Literary Historical Criticism and Dante

Literary Historical Criticism and Dante - Literary...

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Literary Historical Criticism and Dante’s Inferno Midway upon the journey of our life I found myself within a forest dark, For the straightforward path had been lost. (Canto I, lines 1-3, page 3) The Divine Comedy , written in the early 14 th century by Dante Alighieri, is a poem that is divided into three books; Inferno , Purgatory , and Paradise (Lazzari 109). Basically, is an epic poem of sorts in which Dante, self proclaimed “Pilgrim” in The Divine Comedy , and his guide Virgil, the Latin poet of Aeneid , travel through the three regions of Hell (Lazzari 110). It is not a “comedy” in the sense that the poem is humorous or comical, because Dante used the word “comedy” in the traditional sense of a story that starts at a very low point and ends with absolution or at a very high point (Moss 174). Dante’s Inferno has a very clear and apparent structure about how Hell looks and where certain types of people belong. His Hell is basically nine concentric circles beginning with the Gates of Hell and the smallest of sinners, and ending with the greatest sins of all. The levels correspond to Christianity’s seven deadly sins of lust, gluttony, greed, sloth, wrath, envy, and pride (Lazzari 110). The first circle is Limbo, where the unbaptized people go when they die. Virgil resides in this circle because he was a pagan and lived before Jesus Christ was born (Moss 178). Circle two is for sins of carnality or lust. Circle three is for the gluttons, any sins associated with overeating and over drinking. Circle four is the greedy and/or wasteful people. The fifth circle is made up of the wrathful or angry, as well as sloth. After this circle, Virgil and the Pilgrim go into “lower Hell” and the City of Dis, which separates the two sections. Heretics and anyone who was in opposition to Christian morals and values belongs in the sixth circle. Circle seven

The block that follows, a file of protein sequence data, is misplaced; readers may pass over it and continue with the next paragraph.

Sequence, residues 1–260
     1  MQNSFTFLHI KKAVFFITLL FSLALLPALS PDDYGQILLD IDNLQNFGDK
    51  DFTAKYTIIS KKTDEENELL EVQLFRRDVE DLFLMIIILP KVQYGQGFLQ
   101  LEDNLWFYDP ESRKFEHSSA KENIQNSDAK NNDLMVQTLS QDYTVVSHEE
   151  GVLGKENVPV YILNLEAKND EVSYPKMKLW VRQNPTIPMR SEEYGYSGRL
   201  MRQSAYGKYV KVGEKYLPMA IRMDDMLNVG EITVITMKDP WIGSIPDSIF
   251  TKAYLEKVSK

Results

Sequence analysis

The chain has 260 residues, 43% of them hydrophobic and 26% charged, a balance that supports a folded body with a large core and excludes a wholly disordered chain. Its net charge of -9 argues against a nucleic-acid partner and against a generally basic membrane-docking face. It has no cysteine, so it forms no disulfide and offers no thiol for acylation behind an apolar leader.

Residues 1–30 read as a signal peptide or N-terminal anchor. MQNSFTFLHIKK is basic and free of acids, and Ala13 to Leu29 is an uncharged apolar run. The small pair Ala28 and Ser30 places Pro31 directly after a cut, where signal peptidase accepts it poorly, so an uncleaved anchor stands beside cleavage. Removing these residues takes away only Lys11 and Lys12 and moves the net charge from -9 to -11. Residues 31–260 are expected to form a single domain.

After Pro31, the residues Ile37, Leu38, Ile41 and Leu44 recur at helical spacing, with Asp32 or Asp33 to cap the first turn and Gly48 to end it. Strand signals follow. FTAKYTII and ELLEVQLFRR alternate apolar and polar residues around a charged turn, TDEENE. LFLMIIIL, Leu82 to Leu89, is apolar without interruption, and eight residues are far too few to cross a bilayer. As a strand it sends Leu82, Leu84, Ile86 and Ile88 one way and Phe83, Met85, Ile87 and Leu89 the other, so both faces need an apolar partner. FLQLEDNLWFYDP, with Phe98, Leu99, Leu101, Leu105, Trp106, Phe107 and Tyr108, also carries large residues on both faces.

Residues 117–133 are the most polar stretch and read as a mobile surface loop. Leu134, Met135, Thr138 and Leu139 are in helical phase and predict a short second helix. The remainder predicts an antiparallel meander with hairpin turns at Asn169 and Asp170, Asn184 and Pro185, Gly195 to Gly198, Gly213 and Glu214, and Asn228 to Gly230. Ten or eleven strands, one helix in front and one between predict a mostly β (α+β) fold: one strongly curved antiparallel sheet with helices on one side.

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disciplines three groups of people; those that were violent against others, those that committed suicide, and the people who were violent against G-d, nature, and art. Circle eight is reserved for those who were involved in fraud. This circle is separated into ten “evil ditches” where each one is filled with; panderers and seducers, flatterers, sorcerers and witches, deceivers, those who took part in simony, hypocrites, thos who promote discord, falsifiers, and bad counselors. This leads then into Cocytus, the frozen lake, which holds those guilty of the worst sinners guilty of treachery to; family, country, guests, or to lord or patron (Lazzari 110). These four sections are named respectively, Caina (after Cain), Antenora (after Antenor the warrior of the Trojans), Ptolomea, and Giudecca (after Judas who was disloyal to Christ) (Turner 141). Basically, Dante’s system relies on the fact that every sinner is being punished physically in a way that corresponds to their particular crime. Dante’s Inferno
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Literary Historical Criticism and Dante - Literary...

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